Canada upgrades maritime COMINT/SIGINT capability under Project Strongbow

by Richard Scott

Under Project Strongbow, the Halifax-class frigates will receive a tactical radio direction finding and signals collection, analysis, fusion, and exploitation strategic capability. (Canadian DoD)

Canada is investing in an improved communications intelligence (COMINT) and signals intelligence (SIGINT) capability, known as Project Strongbow, for the Royal Canadian Navy's (RCN's) 12 Halifax-class frigates.

Under a CAD40.9 million (USD32.5 million) contract, Southwest Research Institute (SwRI) is to supply a new COMINT/SIGINT solution that will replace the obsolete AN/SRD-504 VHF/UHF equipment suite. The new capability is expected to be delivered from 2023, and is projected to remain in service for at least the next 15 years.

Project Strongbow will provide tactical radio direction finding and signals collection, analysis, fusion and exploitation strategic capability to the Halifax-class frigates. The requirement promulgated by Public Works and Government Services Canada called for a system combining new main mast antennas (with space and weight not to exceed that apportioned to AN/SRD-504) together with below decks processing and a below-decks human machine interface. It also specified a modular design architecture based on commercial, off-the-shelf (COTS) components in order to facilitate upgrades and technology insertions through-life.

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Turkey successfully test fires new indigenous 76/62mm naval gun

by Lale Sariibrahimoglu

Turkey successfully conducted a second land-based live test-firing of its indigenous 76/62 mm naval gun at the Karapınar shooting range in central Konya province on 2 December, President Recep Tayyip Erdoğan has announced.

The latest test follows a first firing on 10 November.

The national 76/62 mm naval gun is being developed jointly by state-owned gun and ammunication manufacturer Machine and Chemical Industry Inc (MKE) and the Shipyards General Directorate in partnership with private sector companies İğrek Makine (Machine), Anzatsan Mühendislik (Engineering), and Ermaksan Teknoloji (Technology).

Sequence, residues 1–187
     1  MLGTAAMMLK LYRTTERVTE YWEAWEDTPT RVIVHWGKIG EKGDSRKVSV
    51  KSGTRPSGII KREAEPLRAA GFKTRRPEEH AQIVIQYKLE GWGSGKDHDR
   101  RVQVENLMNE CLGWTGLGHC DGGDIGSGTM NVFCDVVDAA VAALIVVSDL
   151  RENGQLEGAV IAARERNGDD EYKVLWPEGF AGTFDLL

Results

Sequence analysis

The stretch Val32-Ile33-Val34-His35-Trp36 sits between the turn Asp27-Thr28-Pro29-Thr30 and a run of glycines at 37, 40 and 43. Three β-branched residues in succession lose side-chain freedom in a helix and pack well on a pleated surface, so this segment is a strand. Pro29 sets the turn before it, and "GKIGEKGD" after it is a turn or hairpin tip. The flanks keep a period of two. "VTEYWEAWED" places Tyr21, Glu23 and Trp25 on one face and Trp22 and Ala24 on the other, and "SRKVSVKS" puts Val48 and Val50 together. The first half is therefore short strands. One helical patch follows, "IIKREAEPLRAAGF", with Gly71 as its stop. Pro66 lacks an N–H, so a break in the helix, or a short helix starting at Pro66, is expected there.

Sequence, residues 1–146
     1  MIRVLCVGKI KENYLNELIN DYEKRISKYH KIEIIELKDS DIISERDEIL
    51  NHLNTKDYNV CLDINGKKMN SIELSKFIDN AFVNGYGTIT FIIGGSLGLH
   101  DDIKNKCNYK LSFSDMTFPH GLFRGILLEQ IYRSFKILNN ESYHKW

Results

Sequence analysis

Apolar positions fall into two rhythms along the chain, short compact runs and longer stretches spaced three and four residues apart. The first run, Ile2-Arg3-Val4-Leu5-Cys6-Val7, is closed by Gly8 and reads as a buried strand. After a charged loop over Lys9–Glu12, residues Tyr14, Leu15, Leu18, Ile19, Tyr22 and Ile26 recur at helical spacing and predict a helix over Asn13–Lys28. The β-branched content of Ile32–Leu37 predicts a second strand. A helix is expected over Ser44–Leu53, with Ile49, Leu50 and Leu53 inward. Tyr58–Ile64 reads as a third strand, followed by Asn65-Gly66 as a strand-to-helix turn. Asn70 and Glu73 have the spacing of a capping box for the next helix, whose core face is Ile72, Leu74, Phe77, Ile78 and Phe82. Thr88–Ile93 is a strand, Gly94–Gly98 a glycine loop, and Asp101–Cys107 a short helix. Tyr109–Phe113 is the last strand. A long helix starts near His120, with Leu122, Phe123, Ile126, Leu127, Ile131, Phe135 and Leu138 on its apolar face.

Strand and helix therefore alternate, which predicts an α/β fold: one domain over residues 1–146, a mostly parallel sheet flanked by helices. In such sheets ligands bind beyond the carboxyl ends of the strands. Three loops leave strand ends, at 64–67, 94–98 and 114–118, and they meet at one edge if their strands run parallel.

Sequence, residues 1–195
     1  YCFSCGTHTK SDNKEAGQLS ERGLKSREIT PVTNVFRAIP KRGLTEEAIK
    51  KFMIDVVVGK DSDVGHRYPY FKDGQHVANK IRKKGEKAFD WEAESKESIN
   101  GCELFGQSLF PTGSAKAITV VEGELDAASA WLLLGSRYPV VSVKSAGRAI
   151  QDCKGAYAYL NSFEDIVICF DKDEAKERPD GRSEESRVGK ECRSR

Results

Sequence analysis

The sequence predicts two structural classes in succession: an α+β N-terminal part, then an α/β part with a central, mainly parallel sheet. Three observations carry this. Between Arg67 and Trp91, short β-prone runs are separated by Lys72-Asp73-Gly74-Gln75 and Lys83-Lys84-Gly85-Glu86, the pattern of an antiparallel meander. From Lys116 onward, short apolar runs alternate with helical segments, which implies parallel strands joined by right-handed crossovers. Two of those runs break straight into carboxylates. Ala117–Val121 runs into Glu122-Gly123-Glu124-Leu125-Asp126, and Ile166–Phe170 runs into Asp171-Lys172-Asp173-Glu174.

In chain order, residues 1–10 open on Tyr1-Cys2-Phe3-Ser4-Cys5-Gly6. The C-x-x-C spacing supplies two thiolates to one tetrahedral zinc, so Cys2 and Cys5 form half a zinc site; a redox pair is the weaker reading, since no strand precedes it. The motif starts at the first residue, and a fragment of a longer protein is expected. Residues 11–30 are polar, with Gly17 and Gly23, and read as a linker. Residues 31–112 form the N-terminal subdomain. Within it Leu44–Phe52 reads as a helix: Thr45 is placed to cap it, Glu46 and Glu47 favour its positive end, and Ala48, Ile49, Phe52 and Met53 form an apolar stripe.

MKE unveiled the naval gun for the first time at the International Defense Fair (IDEF 21) in Istanbul in August.

In a video message released by Turkish Presidency of Defence Industries (SSB) on 2 December, Erdoğan said the national naval gun, which was produced in 12 months, has an effective range of 16 km and can fire 80 rounds per minute with five different shooting modes.

“Unlike the systems currently used, the national naval gun is equipped with a digital fire control system developed with domestic and national resources,” he said.

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Navantia starts work on reinforced cyber-security system for Spanish Navy's S-80 subs

by David Ing

Navantia has started work with Telefónica Tech to develop a reinforced cyber-security system for the S-80-class submarines it is building for the Spanish Navy.

It will be incorporated in the final phase of construction and offers a high level of commonality with the systems to be installed in the Spanish Navy's upcoming F-110 frigates, the state-owned shipbuilder said on 30 November.

According to Navantia it will handle the cyber-defence “wardrobes” for each of the four submarines, along with the engineering of the systems and integration of the main systems.

Navantia will also provide the land-based test site for the development and qualification of the system.

As well as protecting against cyber attacks, the new system will provide real-time monitoring of the combat, control, and advanced communications systems, alerting of any possible threat.

Another feature will be its advanced registry system that will permit forensic analysis, enabling the study of incidents to identify their sources, the level of threat, and the mechanism used for the intrusion to enable the ship to take corrective action.

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Argentine and Peruvian navies focus on joint submarine training as they eye fleet revamps

by Alejandro Sanchez

Argentine sailors train aboard Peruvian submarine. (Peruvian Navy)

As the Argentine and Peruvian navies revamp their struggling submarine fleets, the two countries' maritime forces are focusing on joint training to help retain their subsea operational capability.

Joint training programmes aboard Peruvian submarines have become a catalyst to increase training ties between the navies of Argentina and Peru. Educational exchanges of naval personnel and joint training are not uncommon and the most recent wrinkle includes putting Argentine sailors aboard Peruvian submarines for training.

This initiative occurred for the first time in 2018 after the loss of Argentina's TR-1700-class diesel-electric submarine ARA San Juan (S-42) on 17 November 2017, hampering Argentina's ability to conduct – or prepare for – subsea operations. The Peruvian navy offered to support the training process of its counterpart. “As long as the Argentine navy does not have the necessary resources [for submarine training], they can count on the support of the Peruvian Navy,” a retired Peruvian naval officer told Janes, on condition of anonymity.

The most recent training programme, from 17 October to 6 November, involved three Argentine officers and 13 non-commissioned officers who took courses at Peru's submarine school.

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